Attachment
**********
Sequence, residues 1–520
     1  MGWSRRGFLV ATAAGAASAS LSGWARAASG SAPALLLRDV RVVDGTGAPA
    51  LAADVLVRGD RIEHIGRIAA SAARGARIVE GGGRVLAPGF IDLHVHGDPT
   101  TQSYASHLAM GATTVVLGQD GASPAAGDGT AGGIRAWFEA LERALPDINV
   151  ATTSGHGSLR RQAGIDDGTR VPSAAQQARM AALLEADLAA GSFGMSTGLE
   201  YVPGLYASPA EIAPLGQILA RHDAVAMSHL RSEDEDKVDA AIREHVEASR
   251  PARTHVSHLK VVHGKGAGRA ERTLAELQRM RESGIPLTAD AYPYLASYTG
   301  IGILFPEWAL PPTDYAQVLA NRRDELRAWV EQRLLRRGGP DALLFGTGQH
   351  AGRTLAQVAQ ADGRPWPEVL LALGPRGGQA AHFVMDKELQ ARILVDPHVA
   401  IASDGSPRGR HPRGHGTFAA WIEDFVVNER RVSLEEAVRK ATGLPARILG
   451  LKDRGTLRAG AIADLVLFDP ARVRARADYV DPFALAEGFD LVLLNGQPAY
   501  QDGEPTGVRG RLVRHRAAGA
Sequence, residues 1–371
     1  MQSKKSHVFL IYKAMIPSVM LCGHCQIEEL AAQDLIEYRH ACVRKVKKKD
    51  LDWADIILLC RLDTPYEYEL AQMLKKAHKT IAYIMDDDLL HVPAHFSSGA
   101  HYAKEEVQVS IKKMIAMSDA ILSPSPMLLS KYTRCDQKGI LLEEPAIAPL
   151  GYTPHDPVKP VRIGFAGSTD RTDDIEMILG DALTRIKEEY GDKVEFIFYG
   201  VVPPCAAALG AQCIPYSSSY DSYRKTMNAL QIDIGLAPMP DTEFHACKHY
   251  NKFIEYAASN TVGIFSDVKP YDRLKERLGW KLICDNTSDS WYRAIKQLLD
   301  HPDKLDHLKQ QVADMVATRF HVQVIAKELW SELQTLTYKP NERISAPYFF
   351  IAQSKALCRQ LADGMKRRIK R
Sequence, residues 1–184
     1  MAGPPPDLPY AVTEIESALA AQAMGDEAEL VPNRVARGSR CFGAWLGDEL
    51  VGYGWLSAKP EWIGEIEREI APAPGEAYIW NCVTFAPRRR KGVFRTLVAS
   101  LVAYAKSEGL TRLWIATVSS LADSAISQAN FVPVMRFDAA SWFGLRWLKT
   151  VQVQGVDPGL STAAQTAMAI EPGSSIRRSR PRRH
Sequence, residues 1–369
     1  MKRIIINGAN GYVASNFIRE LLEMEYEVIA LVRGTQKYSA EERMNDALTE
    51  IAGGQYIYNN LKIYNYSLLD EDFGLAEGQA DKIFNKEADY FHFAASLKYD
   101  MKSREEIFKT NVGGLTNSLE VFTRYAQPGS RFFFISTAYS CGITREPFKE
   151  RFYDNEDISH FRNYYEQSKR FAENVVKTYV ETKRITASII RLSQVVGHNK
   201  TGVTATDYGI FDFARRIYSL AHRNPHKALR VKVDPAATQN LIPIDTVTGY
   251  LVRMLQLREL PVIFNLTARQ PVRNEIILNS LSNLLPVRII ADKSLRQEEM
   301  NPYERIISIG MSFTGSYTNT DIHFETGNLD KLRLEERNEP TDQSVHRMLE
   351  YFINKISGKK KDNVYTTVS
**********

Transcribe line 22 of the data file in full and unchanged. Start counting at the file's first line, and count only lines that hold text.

Sequence, residues 1–184